After a season that The WB Television Network executives readily admitted was tough, May produced some highlights for the young-adult network.
The season finales of 7th Heaven, Everwood, Gilmore Girls and One Tree Hill all hit highs for the network. The finale of Everwood, for instance, scored an all-time series record among women 18-34, while the show also hit season highs in several key demos.
All six of The WB's dramas (7th Heaven, Everwood, Gilmore Girls, One Tree Hill, Smallville and Charmed) saw share growth among adults 18-34 from February to May.
This summer, The WB will start implementing some changes. They include a move toward the year-round programming model being adapted virtually industrywide, slating more reality shows, and running series in consecutive episodes then turning the time period over to other shows rather than running repeats.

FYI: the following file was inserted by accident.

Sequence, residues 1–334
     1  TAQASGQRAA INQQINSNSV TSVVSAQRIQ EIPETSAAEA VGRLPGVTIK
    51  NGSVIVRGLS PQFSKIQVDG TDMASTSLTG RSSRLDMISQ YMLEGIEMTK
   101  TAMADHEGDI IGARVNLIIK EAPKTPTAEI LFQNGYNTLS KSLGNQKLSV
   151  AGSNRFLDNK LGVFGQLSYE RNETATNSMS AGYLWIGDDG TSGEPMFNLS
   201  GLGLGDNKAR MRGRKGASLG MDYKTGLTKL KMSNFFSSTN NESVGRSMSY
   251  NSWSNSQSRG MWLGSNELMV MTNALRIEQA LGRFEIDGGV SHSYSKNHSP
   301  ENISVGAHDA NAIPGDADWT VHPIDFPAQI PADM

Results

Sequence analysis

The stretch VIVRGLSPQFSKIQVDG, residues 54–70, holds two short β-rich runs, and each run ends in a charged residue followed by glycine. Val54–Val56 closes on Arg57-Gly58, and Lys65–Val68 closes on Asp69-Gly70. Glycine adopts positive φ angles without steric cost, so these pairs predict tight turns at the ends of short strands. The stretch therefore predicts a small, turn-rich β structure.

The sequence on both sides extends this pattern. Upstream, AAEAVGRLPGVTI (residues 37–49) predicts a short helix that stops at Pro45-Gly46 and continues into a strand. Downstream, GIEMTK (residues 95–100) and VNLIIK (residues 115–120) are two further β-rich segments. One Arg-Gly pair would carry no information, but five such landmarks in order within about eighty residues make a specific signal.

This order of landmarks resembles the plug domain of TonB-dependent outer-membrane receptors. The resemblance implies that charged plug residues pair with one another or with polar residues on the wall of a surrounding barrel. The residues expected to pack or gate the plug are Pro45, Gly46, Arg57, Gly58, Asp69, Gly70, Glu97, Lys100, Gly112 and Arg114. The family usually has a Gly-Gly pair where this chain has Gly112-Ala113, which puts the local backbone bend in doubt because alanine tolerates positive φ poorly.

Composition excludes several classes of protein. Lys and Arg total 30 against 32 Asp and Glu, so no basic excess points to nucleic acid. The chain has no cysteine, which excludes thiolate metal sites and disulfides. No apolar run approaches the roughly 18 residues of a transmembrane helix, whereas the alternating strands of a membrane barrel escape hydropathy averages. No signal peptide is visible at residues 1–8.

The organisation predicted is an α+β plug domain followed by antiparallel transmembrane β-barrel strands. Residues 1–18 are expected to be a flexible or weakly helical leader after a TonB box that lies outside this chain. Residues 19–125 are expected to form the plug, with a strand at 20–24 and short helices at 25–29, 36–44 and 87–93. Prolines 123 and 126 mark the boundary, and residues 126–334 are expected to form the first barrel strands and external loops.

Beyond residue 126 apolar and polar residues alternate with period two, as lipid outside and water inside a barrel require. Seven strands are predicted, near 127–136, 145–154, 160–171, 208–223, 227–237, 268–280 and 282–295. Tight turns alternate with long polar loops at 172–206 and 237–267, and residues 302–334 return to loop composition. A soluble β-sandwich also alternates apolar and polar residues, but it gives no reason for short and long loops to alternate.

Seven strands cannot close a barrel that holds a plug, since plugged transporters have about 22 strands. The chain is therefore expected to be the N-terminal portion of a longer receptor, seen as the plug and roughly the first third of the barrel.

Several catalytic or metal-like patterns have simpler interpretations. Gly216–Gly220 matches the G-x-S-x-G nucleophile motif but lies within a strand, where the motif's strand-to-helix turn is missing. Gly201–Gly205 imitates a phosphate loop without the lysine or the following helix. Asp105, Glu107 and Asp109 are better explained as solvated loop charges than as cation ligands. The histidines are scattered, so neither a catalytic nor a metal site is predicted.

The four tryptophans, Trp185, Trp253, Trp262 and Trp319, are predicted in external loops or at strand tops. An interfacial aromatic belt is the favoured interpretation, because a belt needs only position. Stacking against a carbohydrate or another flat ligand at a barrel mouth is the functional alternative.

To do that, The WB has "increased our programming budget, recognizing that younger dramas don't repeat very well," says Jordan Levin, The WB's CEO, during a conference call on the season and sweeps.
"When we constructed the program budget this year, we took into account the low ratings that repeats do," says Garth Ancier, The WB's Chairman. "And we might look to some of our summer development to wheel in with one of our established dramas at 9 pm on Monday and Tuesday."
In addition, The WB is asking producers to construct story arcs that will run nine-to-ten episodes to fit in with the network's new programming model.